Jasem Heidary was sentenced to death following an unfair trial which convicted him of collaboration with armed opposition groups. His verdict was upheld in November 2020. On 23 January 2021, Ali Khasraji, Hossein Silawi and Jasem Heidary sewed their lips shut and went on hunger strike in protest at their prison conditions, denial of family visits, and the ongoing threat of execution. They ended their hunger strike in mid-February 2021. 

Under international law, the crime of enforced disappearance continues until the state releases information pertaining to the fate or whereabouts of the individuals concerned, and this requires, when the disappeared person is found to be dead, returning the remains to their family, who have the right to dispose of those remains according to their own tradition, religion or culture. The anguish inflicted on families due to the continuing uncertainty around the fate of their loved ones and the location of their remains violates the absolute prohibition on torture and other ill-treatment.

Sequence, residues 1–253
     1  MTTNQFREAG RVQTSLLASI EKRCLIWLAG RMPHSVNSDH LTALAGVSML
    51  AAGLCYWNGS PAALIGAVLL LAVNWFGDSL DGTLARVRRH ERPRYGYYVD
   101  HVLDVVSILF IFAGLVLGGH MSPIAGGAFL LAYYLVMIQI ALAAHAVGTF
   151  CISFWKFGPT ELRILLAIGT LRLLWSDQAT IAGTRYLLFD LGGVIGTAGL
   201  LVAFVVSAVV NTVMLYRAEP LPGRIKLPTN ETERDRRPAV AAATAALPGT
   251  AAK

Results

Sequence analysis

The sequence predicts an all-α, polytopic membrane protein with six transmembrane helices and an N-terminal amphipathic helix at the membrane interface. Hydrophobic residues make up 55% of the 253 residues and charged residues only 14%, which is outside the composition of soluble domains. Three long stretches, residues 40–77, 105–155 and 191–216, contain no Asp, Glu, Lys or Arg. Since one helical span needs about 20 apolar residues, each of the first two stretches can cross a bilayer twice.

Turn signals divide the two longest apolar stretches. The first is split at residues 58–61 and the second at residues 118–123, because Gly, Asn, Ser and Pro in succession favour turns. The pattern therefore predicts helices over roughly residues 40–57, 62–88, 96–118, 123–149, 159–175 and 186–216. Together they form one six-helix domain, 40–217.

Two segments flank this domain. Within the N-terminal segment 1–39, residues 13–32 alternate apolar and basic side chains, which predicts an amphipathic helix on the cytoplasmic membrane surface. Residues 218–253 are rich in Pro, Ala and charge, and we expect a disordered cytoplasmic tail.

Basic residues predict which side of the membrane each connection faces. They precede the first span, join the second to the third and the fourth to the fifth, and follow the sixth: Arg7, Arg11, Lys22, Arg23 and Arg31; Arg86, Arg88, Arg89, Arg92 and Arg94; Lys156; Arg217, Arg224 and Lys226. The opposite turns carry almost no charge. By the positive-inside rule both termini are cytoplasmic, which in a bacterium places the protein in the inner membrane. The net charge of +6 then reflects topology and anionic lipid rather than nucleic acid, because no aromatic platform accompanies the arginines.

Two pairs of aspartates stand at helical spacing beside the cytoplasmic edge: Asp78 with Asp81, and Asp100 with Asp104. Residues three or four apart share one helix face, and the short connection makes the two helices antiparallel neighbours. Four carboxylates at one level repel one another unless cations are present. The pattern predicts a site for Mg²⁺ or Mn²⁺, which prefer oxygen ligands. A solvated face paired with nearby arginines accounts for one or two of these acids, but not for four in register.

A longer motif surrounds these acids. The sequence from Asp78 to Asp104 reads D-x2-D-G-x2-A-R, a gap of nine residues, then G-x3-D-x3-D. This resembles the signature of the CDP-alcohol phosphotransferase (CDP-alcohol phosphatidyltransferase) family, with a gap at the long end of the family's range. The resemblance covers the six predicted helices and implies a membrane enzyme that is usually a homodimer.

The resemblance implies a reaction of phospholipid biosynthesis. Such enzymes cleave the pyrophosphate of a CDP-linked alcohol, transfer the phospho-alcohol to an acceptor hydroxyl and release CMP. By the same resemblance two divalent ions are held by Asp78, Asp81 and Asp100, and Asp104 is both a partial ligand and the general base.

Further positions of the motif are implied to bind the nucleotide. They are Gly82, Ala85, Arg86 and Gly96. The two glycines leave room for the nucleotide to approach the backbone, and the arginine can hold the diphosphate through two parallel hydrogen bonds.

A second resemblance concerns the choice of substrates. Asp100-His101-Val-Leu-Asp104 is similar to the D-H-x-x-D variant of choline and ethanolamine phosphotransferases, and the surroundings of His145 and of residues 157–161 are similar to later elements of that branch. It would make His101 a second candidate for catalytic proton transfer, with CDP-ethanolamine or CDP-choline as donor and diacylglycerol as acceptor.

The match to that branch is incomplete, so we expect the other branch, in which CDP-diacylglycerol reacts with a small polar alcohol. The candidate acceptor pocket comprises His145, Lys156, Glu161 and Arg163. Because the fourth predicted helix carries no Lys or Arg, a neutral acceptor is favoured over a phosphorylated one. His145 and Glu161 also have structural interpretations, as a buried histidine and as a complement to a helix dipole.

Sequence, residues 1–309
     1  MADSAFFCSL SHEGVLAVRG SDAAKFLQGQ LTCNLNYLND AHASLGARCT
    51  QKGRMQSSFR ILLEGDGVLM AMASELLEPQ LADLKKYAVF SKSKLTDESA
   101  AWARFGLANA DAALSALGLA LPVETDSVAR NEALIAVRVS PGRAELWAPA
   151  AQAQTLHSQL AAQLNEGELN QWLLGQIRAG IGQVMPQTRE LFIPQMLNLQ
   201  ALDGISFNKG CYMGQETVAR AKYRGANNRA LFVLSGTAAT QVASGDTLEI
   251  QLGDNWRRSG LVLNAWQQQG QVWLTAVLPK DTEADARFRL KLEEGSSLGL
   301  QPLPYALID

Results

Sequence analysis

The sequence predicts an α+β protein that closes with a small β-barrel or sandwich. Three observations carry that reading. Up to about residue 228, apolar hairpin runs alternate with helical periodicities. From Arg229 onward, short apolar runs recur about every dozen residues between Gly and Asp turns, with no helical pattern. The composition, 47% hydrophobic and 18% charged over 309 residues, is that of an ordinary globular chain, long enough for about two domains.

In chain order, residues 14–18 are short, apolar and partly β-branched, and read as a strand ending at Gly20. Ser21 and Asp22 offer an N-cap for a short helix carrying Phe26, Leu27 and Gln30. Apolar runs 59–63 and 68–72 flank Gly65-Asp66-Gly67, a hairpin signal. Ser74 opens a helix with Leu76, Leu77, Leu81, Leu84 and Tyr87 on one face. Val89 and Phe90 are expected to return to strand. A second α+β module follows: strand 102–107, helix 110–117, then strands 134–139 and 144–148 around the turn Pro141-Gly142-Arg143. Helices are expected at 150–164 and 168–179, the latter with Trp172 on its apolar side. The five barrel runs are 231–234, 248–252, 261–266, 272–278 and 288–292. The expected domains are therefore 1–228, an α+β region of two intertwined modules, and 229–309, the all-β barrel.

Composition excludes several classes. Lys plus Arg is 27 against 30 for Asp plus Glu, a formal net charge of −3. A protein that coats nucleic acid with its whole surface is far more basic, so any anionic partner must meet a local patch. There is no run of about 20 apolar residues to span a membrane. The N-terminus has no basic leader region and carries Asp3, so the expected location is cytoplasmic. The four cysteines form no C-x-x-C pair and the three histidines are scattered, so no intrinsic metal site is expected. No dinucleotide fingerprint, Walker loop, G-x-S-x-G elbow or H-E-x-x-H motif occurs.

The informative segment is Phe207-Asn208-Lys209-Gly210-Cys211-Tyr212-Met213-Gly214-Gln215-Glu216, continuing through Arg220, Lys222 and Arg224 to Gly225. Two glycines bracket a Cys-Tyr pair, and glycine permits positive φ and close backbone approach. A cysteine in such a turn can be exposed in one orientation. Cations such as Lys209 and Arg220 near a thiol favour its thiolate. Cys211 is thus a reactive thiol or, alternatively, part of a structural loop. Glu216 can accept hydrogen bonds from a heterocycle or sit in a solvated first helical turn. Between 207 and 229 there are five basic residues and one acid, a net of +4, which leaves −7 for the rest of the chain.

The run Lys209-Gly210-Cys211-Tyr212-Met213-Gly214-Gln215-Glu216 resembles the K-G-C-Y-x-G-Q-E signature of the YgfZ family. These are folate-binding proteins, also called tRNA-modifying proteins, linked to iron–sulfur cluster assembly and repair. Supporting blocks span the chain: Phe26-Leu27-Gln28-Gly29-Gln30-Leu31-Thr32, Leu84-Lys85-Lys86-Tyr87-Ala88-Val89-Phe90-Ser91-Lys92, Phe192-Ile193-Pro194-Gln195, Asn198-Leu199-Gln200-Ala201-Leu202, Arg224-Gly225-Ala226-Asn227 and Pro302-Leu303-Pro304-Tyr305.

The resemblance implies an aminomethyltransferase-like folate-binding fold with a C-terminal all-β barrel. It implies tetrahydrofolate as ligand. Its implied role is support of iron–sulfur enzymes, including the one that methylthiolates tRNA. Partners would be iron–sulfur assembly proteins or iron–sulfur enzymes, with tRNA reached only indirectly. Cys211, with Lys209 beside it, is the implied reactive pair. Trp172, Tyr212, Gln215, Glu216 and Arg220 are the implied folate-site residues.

Khuzestan province has a large Arab population who generally self-identify as “Ahwazi Arabs”. Despite Khuzestan’s natural resource wealth, the province suffers from severe socioeconomic deprivation and high levels of air and water pollution. Continued under-investment in Khuzestan province by the central government has exacerbated poverty and marginalization. Ahwazi Arabs face entrenched discrimination curtailing equal access to education, employment, adequate housing and political office. Despite repeated calls for linguistic diversity, Persian remains the sole language of instruction in primary and secondary education in the province.